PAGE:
The Response of a Stochastically Forced ENSO Model to Observed Off-Equatorial Wind Stress Forcing

McGregor, Shayne and Holbrook, Neil J. and Power, Scott B. (2009) The Response of a Stochastically Forced ENSO Model to Observed Off-Equatorial Wind Stress Forcing. Journal of Climate, 22 (10). pp. 2512-2525. ISSN 0894-8755


Abstract

This study investigates the response of a stochastically forced coupled atmosphere-ocean model of the equatorial Pacific to off-equatorial wind stress anomaly forcing. The intermediate-complexity coupled ENSO model comprises a linear, first baroclinic mode, ocean shallow water model with a steady-state, two-pressure level (250 and 750 mb) atmospheric component that has been linearized about a state of rest on the β plane. Estimates of observed equatorial region stochastic forcing are calculated from NCEP-NCAR reanalysis surface winds for the period 1950-2006 using singular value decomposition. The stochastic forcing is applied to the model both with and without off-equatorial region wind stress anomalies (i.e., poleward of 12.5° latitude). It is found that the multiyear changes in the equatorial Pacific thermocline depth 'background state' induced by off-equatorial forcing can affect the amplitude of modeled sea surface temperature anomalies by up to 1°C. Moreover, off-equatorial wind stress anomalies increased the modeled amplitude of the two biggest El Niño events in the twentieth century (1982/83 and 1997/98) by more than 0.5°C, resulting in a more realistic modeled response. These equatorial changes driven by off-equatorial region wind stress anomalies are highly predictable to two years in advance and may be useful as a physical basis to enhance multiyear probabilistic predictions of ENSO indices. © 2009 American Meteorological Society.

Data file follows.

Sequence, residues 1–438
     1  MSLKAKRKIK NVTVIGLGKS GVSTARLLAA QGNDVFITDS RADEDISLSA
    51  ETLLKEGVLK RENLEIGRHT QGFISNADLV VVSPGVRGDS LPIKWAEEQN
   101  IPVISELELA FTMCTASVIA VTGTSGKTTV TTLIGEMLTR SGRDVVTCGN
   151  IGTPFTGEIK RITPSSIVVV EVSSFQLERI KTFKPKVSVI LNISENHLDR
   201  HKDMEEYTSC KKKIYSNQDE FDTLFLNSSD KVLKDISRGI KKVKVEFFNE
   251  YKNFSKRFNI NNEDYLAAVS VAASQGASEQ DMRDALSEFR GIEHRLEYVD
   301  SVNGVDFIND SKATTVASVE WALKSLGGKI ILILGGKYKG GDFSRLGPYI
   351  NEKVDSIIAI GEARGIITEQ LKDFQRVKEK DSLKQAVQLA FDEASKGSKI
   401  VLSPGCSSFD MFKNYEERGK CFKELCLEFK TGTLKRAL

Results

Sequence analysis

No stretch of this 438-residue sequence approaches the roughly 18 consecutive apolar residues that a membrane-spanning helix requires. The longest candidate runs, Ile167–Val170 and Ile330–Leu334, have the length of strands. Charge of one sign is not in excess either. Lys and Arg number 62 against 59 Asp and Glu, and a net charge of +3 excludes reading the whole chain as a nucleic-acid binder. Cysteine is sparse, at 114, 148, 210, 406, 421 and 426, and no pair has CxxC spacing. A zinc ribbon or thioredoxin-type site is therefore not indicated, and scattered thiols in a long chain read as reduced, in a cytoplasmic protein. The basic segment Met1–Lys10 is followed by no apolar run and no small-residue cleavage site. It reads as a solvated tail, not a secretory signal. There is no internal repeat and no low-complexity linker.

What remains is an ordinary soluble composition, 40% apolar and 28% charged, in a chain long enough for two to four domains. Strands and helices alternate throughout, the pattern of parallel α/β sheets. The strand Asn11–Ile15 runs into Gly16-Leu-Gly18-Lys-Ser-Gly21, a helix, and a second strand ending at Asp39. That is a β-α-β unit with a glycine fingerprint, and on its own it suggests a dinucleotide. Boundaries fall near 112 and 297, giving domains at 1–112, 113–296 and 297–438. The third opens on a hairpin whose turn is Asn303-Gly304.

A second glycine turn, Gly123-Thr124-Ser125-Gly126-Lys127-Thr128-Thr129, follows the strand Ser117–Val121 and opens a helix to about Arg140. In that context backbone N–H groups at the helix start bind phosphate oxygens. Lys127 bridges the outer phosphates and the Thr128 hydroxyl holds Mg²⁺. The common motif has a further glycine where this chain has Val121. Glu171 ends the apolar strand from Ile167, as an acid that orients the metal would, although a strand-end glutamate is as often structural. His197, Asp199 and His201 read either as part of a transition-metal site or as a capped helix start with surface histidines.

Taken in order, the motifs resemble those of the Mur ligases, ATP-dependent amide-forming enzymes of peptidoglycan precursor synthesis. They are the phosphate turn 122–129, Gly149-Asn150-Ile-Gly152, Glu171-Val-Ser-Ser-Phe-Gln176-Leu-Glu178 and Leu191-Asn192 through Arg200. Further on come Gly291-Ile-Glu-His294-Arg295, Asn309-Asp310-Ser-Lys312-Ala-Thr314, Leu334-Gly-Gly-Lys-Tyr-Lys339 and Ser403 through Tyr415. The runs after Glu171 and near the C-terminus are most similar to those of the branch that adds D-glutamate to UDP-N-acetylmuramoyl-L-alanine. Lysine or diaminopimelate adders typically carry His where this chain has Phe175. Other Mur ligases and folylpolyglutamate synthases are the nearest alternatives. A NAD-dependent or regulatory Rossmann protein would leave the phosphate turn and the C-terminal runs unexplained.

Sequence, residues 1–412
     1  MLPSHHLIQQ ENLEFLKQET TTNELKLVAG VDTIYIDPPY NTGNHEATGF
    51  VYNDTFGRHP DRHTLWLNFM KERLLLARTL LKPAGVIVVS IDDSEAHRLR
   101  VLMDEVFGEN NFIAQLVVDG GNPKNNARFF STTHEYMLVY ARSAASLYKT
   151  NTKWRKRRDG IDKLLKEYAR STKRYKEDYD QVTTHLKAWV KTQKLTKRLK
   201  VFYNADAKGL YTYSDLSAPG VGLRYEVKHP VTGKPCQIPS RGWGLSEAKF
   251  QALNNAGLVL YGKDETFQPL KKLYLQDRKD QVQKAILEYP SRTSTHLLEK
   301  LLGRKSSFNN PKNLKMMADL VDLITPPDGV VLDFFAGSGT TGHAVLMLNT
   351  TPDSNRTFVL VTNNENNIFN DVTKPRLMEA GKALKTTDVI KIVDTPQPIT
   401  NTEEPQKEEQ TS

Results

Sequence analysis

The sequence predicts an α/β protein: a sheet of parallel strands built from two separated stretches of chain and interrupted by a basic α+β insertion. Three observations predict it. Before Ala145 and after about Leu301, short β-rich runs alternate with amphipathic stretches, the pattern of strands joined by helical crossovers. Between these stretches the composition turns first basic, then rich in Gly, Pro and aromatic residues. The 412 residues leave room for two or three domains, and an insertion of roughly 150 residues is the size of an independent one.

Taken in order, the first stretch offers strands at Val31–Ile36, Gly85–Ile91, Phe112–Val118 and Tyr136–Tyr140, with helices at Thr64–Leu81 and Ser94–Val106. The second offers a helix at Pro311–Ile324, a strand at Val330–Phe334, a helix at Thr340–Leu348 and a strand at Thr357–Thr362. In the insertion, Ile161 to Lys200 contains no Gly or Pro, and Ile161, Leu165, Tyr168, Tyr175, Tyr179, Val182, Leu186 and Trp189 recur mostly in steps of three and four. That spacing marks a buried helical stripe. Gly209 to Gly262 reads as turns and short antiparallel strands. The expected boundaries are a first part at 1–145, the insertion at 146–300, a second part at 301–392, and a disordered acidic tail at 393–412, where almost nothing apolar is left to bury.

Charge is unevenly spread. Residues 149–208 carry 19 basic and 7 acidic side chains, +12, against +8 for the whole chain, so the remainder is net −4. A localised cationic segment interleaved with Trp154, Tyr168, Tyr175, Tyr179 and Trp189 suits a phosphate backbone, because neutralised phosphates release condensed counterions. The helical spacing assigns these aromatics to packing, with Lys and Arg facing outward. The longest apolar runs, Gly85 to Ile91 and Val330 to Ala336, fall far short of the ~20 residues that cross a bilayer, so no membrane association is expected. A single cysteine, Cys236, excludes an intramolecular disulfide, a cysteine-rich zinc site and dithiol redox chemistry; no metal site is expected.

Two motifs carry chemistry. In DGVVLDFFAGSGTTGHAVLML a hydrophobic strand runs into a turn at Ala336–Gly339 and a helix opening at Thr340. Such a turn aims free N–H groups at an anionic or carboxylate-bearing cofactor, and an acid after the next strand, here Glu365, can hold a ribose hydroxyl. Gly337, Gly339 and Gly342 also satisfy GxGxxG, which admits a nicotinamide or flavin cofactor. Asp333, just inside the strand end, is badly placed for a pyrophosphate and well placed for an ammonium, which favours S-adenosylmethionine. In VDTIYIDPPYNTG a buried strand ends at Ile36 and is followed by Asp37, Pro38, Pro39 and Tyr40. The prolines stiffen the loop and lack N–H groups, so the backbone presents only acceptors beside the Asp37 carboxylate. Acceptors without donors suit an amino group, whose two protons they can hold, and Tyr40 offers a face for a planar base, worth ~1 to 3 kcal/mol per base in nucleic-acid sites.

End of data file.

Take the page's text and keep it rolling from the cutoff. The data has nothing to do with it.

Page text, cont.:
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Item Type: Article (Commonwealth Reporting Category C)
Refereed: Yes
Item Status: Live Archive
Faculty/School / Institute/Centre: No Faculty
Faculty/School / Institute/Centre: No Faculty
Date Deposited: 05 Jan 2022 23:12
Last Modified: 05 Jan 2022 23:12
Uncontrolled Keywords: Probability Theory; Applied Mathematics; Inorganic Compounds; Organic Compounds; Ocean Engineering; Oceanography, General; Atmospheric Properties; Strength of Building Materials; Mechanical Properties; Buildings and Towers; Air-sea interaction; Air-sea interaction; THE ATMOSPHERE; Atmospheric components; Baroclinic mode; ENSO models; Equatorial forcing; Equatorial Pacific; Equatorial regions; Equatorial winds; Multiyear changes; Ocean model; Pressure level; Probabilistic prediction; Reanalysis; Sea surface temperature anomalies; Shallow water model; Stochastic forcing; Surface winds; Thermocline depth; Twentieth century;
Fields of Research (2008): 04 Earth Sciences > 0401 Atmospheric Sciences > 040105 Climatology (excl.Climate Change Processes)
Fields of Research (2020): 37 EARTH SCIENCES > 3702 Climate change science > 370202 Climatology
Socio-Economic Objectives (2008): D Environment > 96 Environment > 9603 Climate and Climate Change > 960304 Climate Variability (excl. Social Impacts)
Socio-Economic Objectives (2020): 19 ENVIRONMENTAL POLICY, CLIMATE CHANGE AND NATURAL HAZARDS > 1905 Understanding climate change > 190502 Climate variability (excl. social impacts)
Identification Number or DOI: https://doi.org/10.1175/2008JCLI2387.1
URI: http://eprints.usq.edu.au/id/eprint/42451

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